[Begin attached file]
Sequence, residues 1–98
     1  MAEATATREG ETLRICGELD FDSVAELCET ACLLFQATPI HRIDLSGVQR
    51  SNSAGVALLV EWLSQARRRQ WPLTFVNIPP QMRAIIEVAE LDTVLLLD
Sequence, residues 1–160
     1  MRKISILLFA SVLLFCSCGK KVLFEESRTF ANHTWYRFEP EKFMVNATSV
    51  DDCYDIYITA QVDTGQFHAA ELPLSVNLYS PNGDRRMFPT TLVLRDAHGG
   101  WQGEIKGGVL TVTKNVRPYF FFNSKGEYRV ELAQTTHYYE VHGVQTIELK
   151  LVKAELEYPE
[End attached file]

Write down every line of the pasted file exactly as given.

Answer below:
Sequence, residues 1–98
     1  MAEATATREG ETLRICGELD FDSVAELCET ACLLFQATPI HRIDLSGVQR
    51  SNSAGVALLV EWLSQARRRQ WPLTFVNIPP QMRAIIEVAE LDTVLLLD
Sequence, residues 1–160
     1  MRKISILLFA SVLLFCSCGK KVLFEESRTF ANHTWYRFEP EKFMVNATSV
    51  DDCYDIYITA QVDTGQFHAA ELPLSVNLYS PNGDRRMFPT TLVLRDAHGG
   101  WQGEIKGGVL TVTKNVRPYF FFNSKGEYRV ELAQTTHYYE VHGVQTIELK
   151  LVKAELEYPE